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Josephine Meckseper


Elizabeth Dee Gallery
545 West 20th Street, 212-924-7545
May 1 - June 7, 2008
Reception: Thursday, May 1, 6 - 8 PM
Web Site

Elizabeth Dee Gallery is pleased to present an exhibition of new work by Josephine Meckseper opening May 1st – an annual date of significance for socialist, labor and protest movements. Similar to the dark spirit of “Fear and Loathing: on the Campaign Trail 72,” the exhibition reflects what will undoubtedly be a historically important election year.

Marking the 5th anniversary of the war in Iraq, Meckseper transforms the commercial zone of the gallery into a conceptually politicized territory. Through her signature use of display systems and commodity structures, she exposes the “endpoints” of the United State’s capitalistic and militaristic crusades since 2001: totalitarianism in the current era of war, globalization, and domestic crisis. Multi-tiered display shelves slowly rotate in the front windows of the gallery. Their glass and mirrored surfaces offer up signifiers of the current sub-prime mortgage crisis and the looming legacy of the Great Depression along with more quotidian materials and pseudo-consumer goods. In the center of the gallery, a large-scale presentation platform supports an assemblage of metallic mannequins holding signs that Meckseper has created in response to the current presidential primary elections. Functioning as literal and metaphorical armatures for an interrogation into the failed “shock and awe” phenomenon of a war that has resulted in the death of 4000 service members in Iraq and a crucial election in which one candidate has declared the possibility of occupation continuing in that country for “100 years,” the installation refers to Giorgio Agamben’s concept of “the state of exception,” which allows for monstrosities such as Guantanamo Bay and Blackwater to occur.

Presented in the second gallery, Meckseper’s newest video Total War recontextualizes the seemingly seductive devices of television car commercials to reveal their disturbingly confrontational and militarized sales tactics and the car industry’s complicity in a war for oil. As Paul Virilio observes, “The blindness of speed as means of communicating destruction is not a liberation from geopolitical servitude, but the extermination of space as the field of freedom of political action. (...) the more speed increases, the faster freedom decreases. (...) War has thus moved from the action stage to the conception stage, that as we know, characterizes automation.” Aggression, speed and control become the ultimate commodity.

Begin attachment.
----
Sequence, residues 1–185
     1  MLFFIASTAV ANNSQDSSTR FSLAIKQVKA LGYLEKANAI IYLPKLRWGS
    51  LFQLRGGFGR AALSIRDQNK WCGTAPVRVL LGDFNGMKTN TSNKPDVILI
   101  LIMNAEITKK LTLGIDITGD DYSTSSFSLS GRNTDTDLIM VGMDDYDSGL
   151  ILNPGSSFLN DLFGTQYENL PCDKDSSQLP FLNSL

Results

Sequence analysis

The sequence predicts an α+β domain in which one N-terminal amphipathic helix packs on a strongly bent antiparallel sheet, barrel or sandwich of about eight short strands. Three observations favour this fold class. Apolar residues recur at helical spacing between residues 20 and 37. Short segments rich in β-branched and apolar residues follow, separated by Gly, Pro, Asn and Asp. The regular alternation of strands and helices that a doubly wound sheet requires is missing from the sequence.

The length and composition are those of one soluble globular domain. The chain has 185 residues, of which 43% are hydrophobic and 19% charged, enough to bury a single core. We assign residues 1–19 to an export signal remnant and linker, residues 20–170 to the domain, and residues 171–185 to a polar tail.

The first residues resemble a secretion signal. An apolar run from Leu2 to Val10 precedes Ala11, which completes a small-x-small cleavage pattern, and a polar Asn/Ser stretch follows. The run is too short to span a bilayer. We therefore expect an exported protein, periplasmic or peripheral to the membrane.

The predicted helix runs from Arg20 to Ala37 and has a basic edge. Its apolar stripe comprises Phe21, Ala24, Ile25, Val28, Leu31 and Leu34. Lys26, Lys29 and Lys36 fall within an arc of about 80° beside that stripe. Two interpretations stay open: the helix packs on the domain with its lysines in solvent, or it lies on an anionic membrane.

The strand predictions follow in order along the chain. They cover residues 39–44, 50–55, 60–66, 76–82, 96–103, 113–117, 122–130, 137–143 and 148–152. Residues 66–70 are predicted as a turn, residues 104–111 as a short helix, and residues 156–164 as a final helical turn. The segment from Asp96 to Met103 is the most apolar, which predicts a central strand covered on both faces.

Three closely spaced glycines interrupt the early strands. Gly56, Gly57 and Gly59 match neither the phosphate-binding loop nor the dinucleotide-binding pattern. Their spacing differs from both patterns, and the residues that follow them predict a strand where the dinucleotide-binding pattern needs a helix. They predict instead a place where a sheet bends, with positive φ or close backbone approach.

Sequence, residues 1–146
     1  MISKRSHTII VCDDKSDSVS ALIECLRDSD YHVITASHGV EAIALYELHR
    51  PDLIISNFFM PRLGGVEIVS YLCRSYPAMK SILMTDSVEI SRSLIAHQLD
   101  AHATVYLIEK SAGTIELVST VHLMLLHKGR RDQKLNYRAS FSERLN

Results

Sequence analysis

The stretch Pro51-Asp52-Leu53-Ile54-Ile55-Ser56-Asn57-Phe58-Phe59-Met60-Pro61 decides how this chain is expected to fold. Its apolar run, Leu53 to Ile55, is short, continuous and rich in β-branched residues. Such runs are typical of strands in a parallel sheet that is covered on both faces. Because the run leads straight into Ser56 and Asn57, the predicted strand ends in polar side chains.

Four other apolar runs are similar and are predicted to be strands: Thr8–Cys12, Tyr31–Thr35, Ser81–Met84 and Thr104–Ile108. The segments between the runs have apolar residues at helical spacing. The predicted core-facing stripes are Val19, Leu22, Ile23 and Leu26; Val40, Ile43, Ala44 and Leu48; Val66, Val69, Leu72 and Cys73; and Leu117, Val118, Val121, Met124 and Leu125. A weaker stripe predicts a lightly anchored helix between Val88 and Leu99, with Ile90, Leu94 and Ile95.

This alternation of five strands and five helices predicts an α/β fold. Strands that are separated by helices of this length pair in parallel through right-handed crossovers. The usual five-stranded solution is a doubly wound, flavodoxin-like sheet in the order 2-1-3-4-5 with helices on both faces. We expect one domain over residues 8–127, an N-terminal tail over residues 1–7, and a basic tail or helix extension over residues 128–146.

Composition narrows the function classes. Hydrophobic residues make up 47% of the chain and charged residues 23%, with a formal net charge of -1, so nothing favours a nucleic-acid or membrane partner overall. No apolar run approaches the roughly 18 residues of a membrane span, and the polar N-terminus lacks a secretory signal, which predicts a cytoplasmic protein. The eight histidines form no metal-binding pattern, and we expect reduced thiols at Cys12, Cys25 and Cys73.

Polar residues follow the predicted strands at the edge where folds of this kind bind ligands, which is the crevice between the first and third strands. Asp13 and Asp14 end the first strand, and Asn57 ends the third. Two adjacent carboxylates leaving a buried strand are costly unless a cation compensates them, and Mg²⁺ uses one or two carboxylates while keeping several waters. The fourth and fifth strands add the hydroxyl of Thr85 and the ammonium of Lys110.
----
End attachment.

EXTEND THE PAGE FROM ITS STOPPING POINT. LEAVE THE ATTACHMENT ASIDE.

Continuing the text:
This is Josephine Meckseper’s third solo show with Elizabeth Dee. Her work will be presented at MoMA, New York in 2008 for the exhibition New Photography 2008: Josephine Meckseper and Mikhael Subotzky and U.S., PROSPECT.1, New Orleans. In 2007, her work was the focus of a mid-career retrospective presented at the Kunstmuseum Stuttgart, which traveled to Gesellschaft für Aktuelle Kunst, Bremen. She has been featured in numerous national and international exhibitions including Brave New Worlds, Walker Art Center, Minneapolis, MN, touring to Fundación/Colección Jumex, Mexico City; Resistance Is, Whitney Museum of American Art, New York, NY; Second Moscow Biennial of Contemporary Art, Moscow; Biennial of Contemporary Art of Seville, Seville, curated by Okwui Enwezor; USA Today, Royal Academy of Arts, London, which traveled to The State Hermitage Museum, St. Petersburg; Media Burn at the Tate Modern, London; and the Whitney Biennial 2006: Day for Night at the Whitney Museum of American Art, NY.
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